The collection’s focus is on the intricate shapes of traditional forms of art and architecture that “embellish the rural region of Saudi Arabia. It signifies a confident woman who values her traditions, but who wants to work practically and look modern.”
Showcasing their collections at FFWD is important to all designers as it is an international platform situated at the intersection of East and West. “Dubai has become the fashion capital of the Middle East, and FFWD is always great exposure,” said Bazaza.
“After showcasing many seasons… the FFWD family are dear to my heart. It’s now like a second home to me. They’re very well organized and incredibly professional with the entire process, from the very beginning until even after it ends.”
Al-Shehail said: “I’ve had the privilege of showcasing some of my previous collections in New York and Paris, and I was very happy about the positive feedback I received. But showing my collection in Dubai has had more of an impact. In my experience, emerging designers showing in Europe and the US always struggle to find the perfect agency that can properly represent them, as not many are enthused as the competition is very high. FFWD is the best platform in the Middle East and North Africa. It’s a joy to be part of it.”
The event allows designers to cater to the modern international visionary consumer, and Dubai provides just that platform. “We aim to universalize the abaya, and we want to bridge the gap between the Gulf and the rest of the world — we know that Dubai is a perfect place to push that,” said Abduljawad.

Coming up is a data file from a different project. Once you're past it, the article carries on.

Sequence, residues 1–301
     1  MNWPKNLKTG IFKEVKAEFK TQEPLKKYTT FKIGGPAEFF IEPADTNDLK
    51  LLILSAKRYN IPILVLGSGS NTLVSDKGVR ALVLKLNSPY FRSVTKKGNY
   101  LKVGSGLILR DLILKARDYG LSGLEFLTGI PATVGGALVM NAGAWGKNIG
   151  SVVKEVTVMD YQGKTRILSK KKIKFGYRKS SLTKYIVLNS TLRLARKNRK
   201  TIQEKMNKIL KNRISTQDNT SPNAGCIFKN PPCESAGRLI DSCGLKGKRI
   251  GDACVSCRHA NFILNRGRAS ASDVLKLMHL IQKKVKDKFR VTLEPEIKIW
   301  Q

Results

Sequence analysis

“It’s in the Middle East but has international and Western exposure. We’ve seen that Middle Eastern designers are afraid of the abaya, that it may not be well received. But we’re not afraid, we’re proud, and now — after showing this collection in Paris and Europe and receiving such strong, positive feedback — we can bring this collection back to Dubai.”


Parfums Christian Dior removes Bella Hadid campaign images in some UAE malls

The move follows uproar on social media last week after the 22-year-old model committed a seemingly innocuous faux pas on social media. (AFP)
Updated 26 June 2019
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Parfums Christian Dior removes Bella Hadid campaign images in some UAE malls

DUBAI: Images of US-Palestinian model Bella Hadid have been pulled down in some Dior outlets in the UAE, according to local media reports.

The move follows uproar on social media last week after the 22-year-old model committed a seemingly innocuous faux pas on social media. It all kicked off when the 22-year-old supermodel uploaded a photo to her Instagram Stories on Monday, showing her boot pictured in front of an Emirates plane and a Saudia plane.

The hashtag #BellaHadidIsRacist started trending as some social media users felt the model was being disrespectful, but she quickly took to the Internet to set the record straight, saying “this was an honest mistake on an early morning” in a tweet.

However, some social media users demanded that her campaign images in the region should be pulled.

“For appeasement, Parfums Christian Dior has removed its visuals of Bella Hadid in The Dubai Mall,” a spokesperson told local media outlets in a released statement this week.

“Thanks for your concern,” The Dubai Mall wrote on Twitter in response to the demands on social media. “We ensure you that our nation and region’s cultural sensitivities are respected. We have brought the matter to the attention of the retailers concerned to take appropriate steps.”

Meanwhile, Mall of the Emirates, another favorite Dubai, tweeted: “Hello, a recent incident with a model for one of the brands at Mall of the Emirates is in no way associated with the mall, and does not reflect our values.”